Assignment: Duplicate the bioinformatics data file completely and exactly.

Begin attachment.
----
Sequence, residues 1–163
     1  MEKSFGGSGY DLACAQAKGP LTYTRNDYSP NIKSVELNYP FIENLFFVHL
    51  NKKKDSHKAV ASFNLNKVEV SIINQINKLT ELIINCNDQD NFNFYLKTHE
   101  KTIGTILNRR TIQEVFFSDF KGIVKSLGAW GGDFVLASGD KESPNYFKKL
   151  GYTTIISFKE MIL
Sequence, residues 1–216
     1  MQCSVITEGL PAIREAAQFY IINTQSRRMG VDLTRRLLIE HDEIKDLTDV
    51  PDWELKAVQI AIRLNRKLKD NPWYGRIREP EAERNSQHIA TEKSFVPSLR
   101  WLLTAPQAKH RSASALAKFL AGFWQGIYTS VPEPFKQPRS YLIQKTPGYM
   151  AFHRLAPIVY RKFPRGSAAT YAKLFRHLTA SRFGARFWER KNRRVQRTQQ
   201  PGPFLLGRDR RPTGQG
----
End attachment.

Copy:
Sequence, residues 1–163
     1  MEKSFGGSGY DLACAQAKGP LTYTRNDYSP NIKSVELNYP FIENLFFVHL
    51  NKKKDSHKAV ASFNLNKVEV SIINQINKLT ELIINCNDQD NFNFYLKTHE
   101  KTIGTILNRR TIQEVFFSDF KGIVKSLGAW GGDFVLASGD KESPNYFKKL
   151  GYTTIISFKE MIL
Sequence, residues 1–216
     1  MQCSVITEGL PAIREAAQFY IINTQSRRMG VDLTRRLLIE HDEIKDLTDV
    51  PDWELKAVQI AIRLNRKLKD NPWYGRIREP EAERNSQHIA TEKSFVPSLR
   101  WLLTAPQAKH RSASALAKFL AGFWQGIYTS VPEPFKQPRS YLIQKTPGYM
   151  AFHRLAPIVY RKFPRGSAAT YAKLFRHLTA SRFGARFWER KNRRVQRTQQ
   201  PGPFLLGRDR RPTGQG